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Beyond Penn's Treaty

Journal of a Journey

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Tenth month 8th [1803].

This morning George
horse appeared to be very much amiss, but we
all set off early and rode six miles to a good tavern
where the store-house formerly was. Breakfasted
and fed our horses; but when we set off it was thought
by us all [that] George Vaux's horse would not be able
to travel so as we might reach the meeting of Friends
at Mud Creek to-morrow. We then unanimously
agreed for Isaac Bonsall and me to go forward in order
to reach the meeting, and the others to get along as
well as they could, and all of us to meet next Third-
day evening near the outlet of Crooked Lake. We
two then rode on and crossed the Genesee River and
thence to General Hall's tavern, where we had good
accommodations; it being thirty-six miles from Ba-

9th and first of the week.

Set off early and rode
about twelve miles to Jacob Smith's and got break-
fast; he and his daughter accompanying us about six
miles more to the meeting heretofore called Mud
, but which is now called Farmington, that be-
ing the name of the township. And they have now
a monthly meeting, which is held the fifth day of the
week before the last First-day in every month. I
was glad to meet with divers Friends with whom I
had formerly spent some time very agreeably. The
meeting appears to be very much increased since I
was here before. It was silent to-day. We dined at
Nathan Comstock's and then rode to Abraham Lap-
, where a considerable number of the Friends
of the neighborhood came and spent the evening with
us; amongst whom were Joseph Jones and wife, he
having purcased [land] and living near here. Upon
the whole it was a very agreeable and satisfactory
evening. Many subjects of a religious nature were
conversed upon which I believe ended to mutual sat-
isfaction; and I think I was not mistaken when here
before, when I believed if they improved in a religious
sense according to their activity and talents, they
might be a shining light in this fast settling northern
county of good land. This day, twenty miles.


Spent this [day] in order to let our horses
rest and get some of our linen washed. We took the
opportunity of walking to see some friends and view
the improvements made by these Eastern people,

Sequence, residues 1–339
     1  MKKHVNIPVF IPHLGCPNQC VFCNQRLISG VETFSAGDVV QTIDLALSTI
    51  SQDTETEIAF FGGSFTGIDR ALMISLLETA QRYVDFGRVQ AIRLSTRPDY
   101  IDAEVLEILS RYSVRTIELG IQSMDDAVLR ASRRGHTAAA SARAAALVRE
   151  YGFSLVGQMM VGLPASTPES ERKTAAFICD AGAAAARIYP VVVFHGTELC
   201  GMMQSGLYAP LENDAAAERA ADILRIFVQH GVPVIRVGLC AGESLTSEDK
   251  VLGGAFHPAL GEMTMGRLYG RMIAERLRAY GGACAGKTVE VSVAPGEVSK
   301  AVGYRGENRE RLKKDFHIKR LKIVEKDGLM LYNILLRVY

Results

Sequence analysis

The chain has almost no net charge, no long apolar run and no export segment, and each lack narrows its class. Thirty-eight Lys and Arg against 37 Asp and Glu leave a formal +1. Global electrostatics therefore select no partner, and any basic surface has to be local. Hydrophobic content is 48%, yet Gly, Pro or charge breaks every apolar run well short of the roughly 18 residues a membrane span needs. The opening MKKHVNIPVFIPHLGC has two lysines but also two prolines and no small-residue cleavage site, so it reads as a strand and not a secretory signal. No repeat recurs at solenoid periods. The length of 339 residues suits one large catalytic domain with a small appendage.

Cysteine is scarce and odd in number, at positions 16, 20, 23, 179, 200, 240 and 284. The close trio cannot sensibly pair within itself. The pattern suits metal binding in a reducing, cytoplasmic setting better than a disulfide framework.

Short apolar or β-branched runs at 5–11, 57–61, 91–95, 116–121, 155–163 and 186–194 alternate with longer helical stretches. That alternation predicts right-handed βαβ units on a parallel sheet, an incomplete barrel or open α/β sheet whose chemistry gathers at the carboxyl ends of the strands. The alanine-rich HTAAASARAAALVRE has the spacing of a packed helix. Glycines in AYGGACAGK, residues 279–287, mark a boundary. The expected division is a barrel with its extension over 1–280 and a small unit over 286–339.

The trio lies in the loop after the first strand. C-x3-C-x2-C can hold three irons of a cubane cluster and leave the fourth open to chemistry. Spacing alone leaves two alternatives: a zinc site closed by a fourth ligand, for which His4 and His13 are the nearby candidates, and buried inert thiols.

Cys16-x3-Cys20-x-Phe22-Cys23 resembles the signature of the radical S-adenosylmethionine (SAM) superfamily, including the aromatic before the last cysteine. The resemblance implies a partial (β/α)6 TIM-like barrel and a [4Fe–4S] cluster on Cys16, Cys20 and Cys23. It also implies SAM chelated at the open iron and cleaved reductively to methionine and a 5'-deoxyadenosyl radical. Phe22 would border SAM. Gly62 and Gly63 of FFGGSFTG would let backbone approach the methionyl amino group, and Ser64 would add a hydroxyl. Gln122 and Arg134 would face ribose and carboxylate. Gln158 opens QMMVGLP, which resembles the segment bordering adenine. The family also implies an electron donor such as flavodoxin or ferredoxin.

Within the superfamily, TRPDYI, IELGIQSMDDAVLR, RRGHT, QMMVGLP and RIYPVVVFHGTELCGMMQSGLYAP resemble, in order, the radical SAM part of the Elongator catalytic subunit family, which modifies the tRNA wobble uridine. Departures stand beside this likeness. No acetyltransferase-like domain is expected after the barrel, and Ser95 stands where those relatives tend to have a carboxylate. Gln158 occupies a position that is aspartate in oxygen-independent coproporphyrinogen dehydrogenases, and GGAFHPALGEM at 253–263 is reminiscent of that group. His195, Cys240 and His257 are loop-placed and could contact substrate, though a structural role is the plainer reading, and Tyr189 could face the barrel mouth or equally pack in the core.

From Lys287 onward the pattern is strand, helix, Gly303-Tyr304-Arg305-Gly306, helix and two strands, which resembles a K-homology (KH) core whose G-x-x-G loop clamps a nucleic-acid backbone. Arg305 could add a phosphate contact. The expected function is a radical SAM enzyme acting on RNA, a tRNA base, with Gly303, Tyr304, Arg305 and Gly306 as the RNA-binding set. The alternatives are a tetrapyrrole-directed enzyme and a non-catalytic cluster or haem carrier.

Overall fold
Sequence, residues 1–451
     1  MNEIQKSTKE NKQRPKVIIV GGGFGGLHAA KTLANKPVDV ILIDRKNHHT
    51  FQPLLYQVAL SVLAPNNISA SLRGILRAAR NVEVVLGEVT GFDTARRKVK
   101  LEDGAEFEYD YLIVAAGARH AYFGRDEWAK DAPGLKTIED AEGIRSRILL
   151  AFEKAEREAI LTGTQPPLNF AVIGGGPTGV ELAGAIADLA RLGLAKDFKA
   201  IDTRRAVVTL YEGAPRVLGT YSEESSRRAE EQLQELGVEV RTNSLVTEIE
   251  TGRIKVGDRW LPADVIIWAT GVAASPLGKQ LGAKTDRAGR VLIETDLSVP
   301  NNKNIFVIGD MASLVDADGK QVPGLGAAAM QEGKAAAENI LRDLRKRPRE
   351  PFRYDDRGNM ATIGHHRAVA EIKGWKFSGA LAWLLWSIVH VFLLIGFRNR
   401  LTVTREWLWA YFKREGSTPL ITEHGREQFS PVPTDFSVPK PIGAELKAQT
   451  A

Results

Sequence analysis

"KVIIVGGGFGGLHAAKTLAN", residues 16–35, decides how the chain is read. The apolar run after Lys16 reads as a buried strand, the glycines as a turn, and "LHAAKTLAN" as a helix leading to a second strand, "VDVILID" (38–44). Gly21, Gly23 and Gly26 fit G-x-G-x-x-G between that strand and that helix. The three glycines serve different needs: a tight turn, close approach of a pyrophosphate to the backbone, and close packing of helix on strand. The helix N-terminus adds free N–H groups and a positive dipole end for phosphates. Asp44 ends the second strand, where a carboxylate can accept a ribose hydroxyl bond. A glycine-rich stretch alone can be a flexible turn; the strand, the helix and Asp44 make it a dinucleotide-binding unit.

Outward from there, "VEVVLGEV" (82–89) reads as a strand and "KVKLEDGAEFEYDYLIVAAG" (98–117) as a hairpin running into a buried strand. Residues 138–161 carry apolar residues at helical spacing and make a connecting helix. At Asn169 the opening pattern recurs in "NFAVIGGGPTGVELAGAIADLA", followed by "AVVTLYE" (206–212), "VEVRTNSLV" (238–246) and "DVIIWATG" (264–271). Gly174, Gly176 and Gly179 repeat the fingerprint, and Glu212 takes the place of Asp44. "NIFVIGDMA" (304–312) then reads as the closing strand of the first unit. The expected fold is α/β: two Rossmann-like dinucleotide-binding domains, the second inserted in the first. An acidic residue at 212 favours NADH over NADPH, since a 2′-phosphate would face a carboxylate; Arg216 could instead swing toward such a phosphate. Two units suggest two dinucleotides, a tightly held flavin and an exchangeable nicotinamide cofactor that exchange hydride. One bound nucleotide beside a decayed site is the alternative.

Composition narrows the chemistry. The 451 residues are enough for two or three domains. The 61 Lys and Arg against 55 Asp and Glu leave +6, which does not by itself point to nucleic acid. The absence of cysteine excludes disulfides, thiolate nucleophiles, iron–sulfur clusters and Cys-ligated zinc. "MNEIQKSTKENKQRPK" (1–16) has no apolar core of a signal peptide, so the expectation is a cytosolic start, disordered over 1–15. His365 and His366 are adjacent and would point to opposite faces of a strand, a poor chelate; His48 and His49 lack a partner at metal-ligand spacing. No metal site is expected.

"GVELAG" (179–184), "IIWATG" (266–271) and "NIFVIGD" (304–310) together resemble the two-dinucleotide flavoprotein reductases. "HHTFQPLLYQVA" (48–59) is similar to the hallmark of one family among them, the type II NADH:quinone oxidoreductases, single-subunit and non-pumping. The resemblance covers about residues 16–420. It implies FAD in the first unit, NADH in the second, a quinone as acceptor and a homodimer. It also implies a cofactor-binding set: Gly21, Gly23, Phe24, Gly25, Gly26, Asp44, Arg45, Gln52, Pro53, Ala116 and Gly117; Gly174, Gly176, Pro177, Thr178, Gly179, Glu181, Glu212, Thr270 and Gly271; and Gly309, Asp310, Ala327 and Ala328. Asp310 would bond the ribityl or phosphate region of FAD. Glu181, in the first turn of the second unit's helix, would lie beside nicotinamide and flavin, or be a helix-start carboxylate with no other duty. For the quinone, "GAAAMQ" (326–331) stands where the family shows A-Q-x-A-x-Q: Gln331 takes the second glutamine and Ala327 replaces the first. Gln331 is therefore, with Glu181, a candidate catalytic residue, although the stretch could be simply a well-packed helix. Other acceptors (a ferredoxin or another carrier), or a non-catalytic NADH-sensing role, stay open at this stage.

which exceed what can be conceived in the idea of a
Pennsylvanian or more southern man, for the time.
They seem as if there were scarcely anything too hard
or too heavy for them to undertake and go through
with, especially in opening a new country heavily
timbered. Said Lapham, though he does not appear
a robust man, has made a surprising improvement
for the fime he has been settled here which is about
eight years; and although there has been an uncom-
mon drought in this country this year, they have made
250 cheeses this summer, many of which will weigh
fifty pounds, and but very few less than thirty pounds,
which, to be sure, in their cheese-house has a beauti-
ful appearance. Although I have such an opinion of
the Eastern men in opening the wilderness, I think
they are far short of a good Pennsylvania farmer in
keeping their farms in good order after they have them
cleared. We propose to lodge another night with these
our kind friends, Abraham and Esther Lapham, who
seem disposed to do everything they can to accommo-
date us. The neighbors hereabouts have been two
nights and one day collecting and bringing their hogs
to Lapham's, and to-morrow morning they propose to
set off with 250 of them about seven or eight miles into
the woods to feed upon the acorns and beech nuts
which are very plenty, and have agreed with four per-
sons to stay in the woods with them, night and day,
for about two months; these they call hog shep-

11th and third of the week.

Joseph Jones came
early this morning to Lapham's and set off with us